For many years now Sydney’s Archibald Prize has been considered by art-world insiders to be little more than a media circus. While there may be a surfeit of art prizes around Australia now, the Archie, with its potpourri of celebrities and attention-grabbing artists, attracts the most headlines.

But it may have hit an all time new low this year with a potential entry that “sings.”

It’s probably a good thing that Peter Smeeth has a day job because it is unlikely that attaching a CD recording to a canvas is going to impress the critics, unless of course this portrait is acclaimed as a new-fangled style of Conceptualism.

The NSW-based GP and part-time painter has executed a moderately capable portrait of opera singer Amelia Farrugia. Smeeth has entered the Archie on several occasions and missed out on the winning mark every time. This year he’s obviously decided to bamboozle the judges by adding a soundtrack. A slim CD player attached to the rear of the canvas is rigged up to assault the viewer with Farfrugia’s versions of Strauss and Puccini.

One may well ask what Smeeth is thinking. There is little likelihood of the Art Gallery of NSW hanging a painting that features the high notes of a Soprano singer. Although it would be guaranteed to attract attention, it is unlikely to go over well with the curators of the exhibition, or at least so one would hope. But strange decisions seem to be part and parcel of the Archie. With the general decline of quality that the Archibald has suffered from in recent years, Smeeth no doubt thought “anything goes.”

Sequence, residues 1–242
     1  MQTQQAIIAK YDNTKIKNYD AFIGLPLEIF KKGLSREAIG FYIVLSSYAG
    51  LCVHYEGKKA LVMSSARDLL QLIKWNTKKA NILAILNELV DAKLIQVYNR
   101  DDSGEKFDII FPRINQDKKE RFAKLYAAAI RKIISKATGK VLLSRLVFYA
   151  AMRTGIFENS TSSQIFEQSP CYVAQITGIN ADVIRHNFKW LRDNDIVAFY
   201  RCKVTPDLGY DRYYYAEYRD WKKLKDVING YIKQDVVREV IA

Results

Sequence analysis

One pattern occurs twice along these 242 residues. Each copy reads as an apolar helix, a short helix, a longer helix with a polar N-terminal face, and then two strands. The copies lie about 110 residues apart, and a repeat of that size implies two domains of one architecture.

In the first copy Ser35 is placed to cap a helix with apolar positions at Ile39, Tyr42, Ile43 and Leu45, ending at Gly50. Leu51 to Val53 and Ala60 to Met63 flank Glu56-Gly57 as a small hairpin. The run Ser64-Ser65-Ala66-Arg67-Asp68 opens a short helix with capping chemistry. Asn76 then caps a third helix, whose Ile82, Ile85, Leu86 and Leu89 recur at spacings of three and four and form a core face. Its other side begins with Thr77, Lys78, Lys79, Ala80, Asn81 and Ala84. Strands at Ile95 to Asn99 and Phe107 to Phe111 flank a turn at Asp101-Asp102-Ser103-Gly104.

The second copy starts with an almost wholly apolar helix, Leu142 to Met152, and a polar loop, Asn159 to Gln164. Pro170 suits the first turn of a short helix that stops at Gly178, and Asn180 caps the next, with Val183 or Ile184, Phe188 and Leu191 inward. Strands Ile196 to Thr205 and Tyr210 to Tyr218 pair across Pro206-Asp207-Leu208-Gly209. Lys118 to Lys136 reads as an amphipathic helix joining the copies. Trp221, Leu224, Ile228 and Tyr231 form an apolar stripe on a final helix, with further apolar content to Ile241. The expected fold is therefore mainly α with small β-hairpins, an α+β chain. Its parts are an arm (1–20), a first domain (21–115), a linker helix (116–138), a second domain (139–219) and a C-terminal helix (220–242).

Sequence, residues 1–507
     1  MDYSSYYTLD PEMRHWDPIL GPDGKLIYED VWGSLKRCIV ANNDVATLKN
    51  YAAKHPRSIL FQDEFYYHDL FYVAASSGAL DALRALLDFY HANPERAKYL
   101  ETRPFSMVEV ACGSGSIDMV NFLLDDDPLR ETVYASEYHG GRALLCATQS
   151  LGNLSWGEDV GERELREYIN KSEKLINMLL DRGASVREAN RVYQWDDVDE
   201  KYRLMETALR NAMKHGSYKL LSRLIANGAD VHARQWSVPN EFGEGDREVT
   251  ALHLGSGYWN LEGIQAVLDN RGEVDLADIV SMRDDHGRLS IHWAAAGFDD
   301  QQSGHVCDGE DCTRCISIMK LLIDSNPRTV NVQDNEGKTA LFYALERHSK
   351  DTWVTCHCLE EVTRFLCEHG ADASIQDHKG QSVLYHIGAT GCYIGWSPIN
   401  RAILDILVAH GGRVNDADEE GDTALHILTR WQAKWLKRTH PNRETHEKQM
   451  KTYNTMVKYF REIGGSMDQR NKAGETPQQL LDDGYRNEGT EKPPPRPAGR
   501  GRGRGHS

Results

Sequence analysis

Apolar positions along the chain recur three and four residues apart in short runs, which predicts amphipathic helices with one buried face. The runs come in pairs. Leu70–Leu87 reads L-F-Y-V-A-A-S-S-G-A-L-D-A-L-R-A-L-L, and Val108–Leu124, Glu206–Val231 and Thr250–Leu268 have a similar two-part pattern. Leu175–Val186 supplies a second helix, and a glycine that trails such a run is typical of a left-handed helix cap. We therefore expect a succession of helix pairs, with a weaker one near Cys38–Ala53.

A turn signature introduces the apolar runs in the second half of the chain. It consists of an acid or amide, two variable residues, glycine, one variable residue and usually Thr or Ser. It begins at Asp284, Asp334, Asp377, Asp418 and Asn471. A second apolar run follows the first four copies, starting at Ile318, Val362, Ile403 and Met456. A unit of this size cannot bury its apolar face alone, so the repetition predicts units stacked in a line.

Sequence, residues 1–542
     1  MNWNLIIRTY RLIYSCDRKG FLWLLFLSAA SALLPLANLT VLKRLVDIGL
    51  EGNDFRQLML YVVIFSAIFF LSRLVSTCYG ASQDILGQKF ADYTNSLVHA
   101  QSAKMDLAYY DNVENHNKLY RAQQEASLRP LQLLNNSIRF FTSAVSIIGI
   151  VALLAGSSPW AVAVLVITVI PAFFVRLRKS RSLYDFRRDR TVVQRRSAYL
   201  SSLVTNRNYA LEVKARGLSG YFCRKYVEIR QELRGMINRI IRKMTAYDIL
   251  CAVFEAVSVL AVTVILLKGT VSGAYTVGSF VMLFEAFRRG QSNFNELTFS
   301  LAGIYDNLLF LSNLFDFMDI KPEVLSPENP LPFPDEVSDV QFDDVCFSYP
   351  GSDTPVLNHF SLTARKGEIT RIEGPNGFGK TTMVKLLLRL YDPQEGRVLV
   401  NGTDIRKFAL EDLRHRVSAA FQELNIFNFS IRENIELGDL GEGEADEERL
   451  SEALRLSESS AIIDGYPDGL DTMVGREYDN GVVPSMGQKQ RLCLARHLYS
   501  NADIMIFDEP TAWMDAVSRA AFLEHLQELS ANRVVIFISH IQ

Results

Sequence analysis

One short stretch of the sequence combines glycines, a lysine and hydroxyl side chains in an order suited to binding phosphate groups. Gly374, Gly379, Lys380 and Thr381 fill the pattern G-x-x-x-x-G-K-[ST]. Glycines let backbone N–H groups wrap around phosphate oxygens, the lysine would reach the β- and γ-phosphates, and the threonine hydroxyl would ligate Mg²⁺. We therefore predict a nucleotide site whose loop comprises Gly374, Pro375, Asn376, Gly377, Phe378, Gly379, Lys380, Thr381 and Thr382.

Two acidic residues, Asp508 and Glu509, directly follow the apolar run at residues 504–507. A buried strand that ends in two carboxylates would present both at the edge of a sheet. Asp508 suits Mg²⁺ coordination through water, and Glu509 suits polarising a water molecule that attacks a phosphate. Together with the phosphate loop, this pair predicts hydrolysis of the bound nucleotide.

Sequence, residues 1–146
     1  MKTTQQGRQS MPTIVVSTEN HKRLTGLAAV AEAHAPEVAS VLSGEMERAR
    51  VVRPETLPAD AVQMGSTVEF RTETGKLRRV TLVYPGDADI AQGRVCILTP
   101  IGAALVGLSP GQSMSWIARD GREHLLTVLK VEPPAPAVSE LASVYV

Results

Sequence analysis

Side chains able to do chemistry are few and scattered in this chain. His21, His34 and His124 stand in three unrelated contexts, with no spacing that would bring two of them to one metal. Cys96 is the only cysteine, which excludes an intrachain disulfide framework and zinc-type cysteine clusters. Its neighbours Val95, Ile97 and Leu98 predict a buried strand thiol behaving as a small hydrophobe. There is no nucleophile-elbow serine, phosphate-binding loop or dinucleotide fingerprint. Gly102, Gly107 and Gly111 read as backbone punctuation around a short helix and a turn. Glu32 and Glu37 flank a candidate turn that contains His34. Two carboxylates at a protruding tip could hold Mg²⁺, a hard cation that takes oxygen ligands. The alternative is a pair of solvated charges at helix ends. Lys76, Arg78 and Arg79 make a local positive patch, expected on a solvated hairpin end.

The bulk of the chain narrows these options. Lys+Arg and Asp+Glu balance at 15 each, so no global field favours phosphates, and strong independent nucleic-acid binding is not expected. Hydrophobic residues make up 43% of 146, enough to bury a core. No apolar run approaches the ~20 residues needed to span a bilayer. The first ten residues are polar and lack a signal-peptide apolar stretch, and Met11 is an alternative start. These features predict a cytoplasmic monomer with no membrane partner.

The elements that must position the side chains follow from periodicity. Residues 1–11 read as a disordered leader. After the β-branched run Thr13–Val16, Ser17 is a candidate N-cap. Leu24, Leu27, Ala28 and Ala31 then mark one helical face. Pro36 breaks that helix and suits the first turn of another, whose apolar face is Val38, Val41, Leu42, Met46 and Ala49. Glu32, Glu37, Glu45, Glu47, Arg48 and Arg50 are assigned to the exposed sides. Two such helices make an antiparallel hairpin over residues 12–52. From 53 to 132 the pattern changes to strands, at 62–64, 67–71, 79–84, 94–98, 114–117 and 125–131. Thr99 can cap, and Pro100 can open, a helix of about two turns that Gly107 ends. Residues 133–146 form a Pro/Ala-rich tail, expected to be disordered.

That is not to say there have not been some excellent works in the Archie. Indeed, last year’s winner, Marcus Wills, with his stunning The Paul Juraszek Monolith (after Marcus Gheeraerts) was a decidedly fitting choice.

Three other recent winners – John Olsen, Adam Cullen and Lewis Miller have all won with powerful works that stretch the art of portraiture.

But rumours abound about the politics of the selections and there can be little disputing that the Archibald, despite its immense popularity and crowd-drawing power, is becoming a decidedly mundane institution. Perhaps every painting should come with a soundtrack – we could have Van Halen next to Beethoven, the Sex Pistols going up against Miles Davis. Would certainly make for an interesting afternoon in the normally sedate halls of the Art Gallery of NSW.

Peter Fray

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